64. Telegram From the Department of State to the Embassy in Israel1

187681. For Ambassador.

1. We believe reported agreement between Lebanese Government and guerrilla leadership2 likely to result as a minimum in some greater freedom of action for the fedayeen. This, of course, carries with it risk that Israelis will feel obliged to take early counter measures as warning to Lebanese Government and to guerrillas themselves. We assume you will continue to counsel restraint.

2. We doubt this will be sufficient, however, and believe more drastic effort on our part may be necessary to persuade Israelis to adjust themselves to new situation in Lebanon in ways designed avoid to extent possible further political deterioration there. We have accordingly been giving thought to what further we might say to Israelis with respect to lessons to be drawn from current Lebanese crisis. In this connection, we feel that events have borne out our somber predictions that Israeli policy of large scale military retaliation against two remaining moderate regimes, Jordan and Lebanon, while militarily successful, would be in long run a political disaster. You will have noted that in Richardson-Rabin conversation last Friday,3 we made point that we thought at the time that Beirut airport attack4 was a mistake and would be a real beginning of political deterioration in Lebanon. Events since then have, in our judgment, tended to confirm this conclusion. We do not disagree with Rabin’s assertion to Under Secretary that fedayeen [Page 214] would have become increasing problem in Lebanon even in absence Beirut raid. This misses point, however, that Beirut raid in our view gave fedayeen boost and seriously hampered GOL’s ability to cope politically with fedayeen problem when it subsequently began assume major proportions.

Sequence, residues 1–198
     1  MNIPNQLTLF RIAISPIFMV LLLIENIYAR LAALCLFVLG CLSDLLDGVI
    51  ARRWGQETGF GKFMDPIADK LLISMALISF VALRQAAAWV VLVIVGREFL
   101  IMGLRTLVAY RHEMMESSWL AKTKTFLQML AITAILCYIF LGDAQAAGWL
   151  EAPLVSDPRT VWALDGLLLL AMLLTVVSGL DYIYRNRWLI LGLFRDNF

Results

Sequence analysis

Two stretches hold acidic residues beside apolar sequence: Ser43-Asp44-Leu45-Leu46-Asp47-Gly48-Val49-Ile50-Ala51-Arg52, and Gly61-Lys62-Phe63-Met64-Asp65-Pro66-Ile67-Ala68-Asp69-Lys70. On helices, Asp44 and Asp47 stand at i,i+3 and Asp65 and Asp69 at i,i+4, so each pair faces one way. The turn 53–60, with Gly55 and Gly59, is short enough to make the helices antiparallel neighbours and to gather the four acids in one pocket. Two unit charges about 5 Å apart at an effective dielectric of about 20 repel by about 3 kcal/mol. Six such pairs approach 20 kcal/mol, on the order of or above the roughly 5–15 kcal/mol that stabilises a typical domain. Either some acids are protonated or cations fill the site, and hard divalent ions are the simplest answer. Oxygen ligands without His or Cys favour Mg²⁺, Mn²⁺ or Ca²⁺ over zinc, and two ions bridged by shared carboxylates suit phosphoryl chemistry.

3. We believe principal lessons to be drawn from current Lebanese crisis are two-fold: (A) that U.S. must continue to make major efforts to try to achieve a political settlement despite continued expressed opposition of Israelis; and (B) that, as was indicated to Rabin, Israelis must do some hard thinking and reassess their policy of the past months of quote seven-fold unquote retaliation on Jordanian and Lebanese soil. It may be that guerrilla movement has picked up such steam politically and militarily that trend will not be reversible. We are struck by the fact, however, that neither UAR nor Soviets seem interested in pushing present crisis to ultimate challenge. We feel, therefore, that there may still be room to maneuver in this situation.

4. We would like to have any thoughts that you may have regarding the above as well as your judgment regarding USG approach to GOI along following lines:

A. For some time we have expressed grave doubts to GOI about wisdom of its policy of large scale retaliation in response to fedayeen activities mounted from Lebanon and Jordan. We believe that latest political crisis in Lebanon has demonstrated that such policy can only contribute to political chain reaction threatening very existence of moderate regimes and thereby over long run US as well as Israeli interests.

B. Hard reality is that, in absence of political settlement, moderate regimes have no alternative to tolerating certain level of fedayeen activity from their territory if they are to survive. In our view, agreement between Lebanese Government and fedayeen is irreversible and only question is extent to which GOI can counter and limit fedayeen activities, not whether it can prevent them entirely.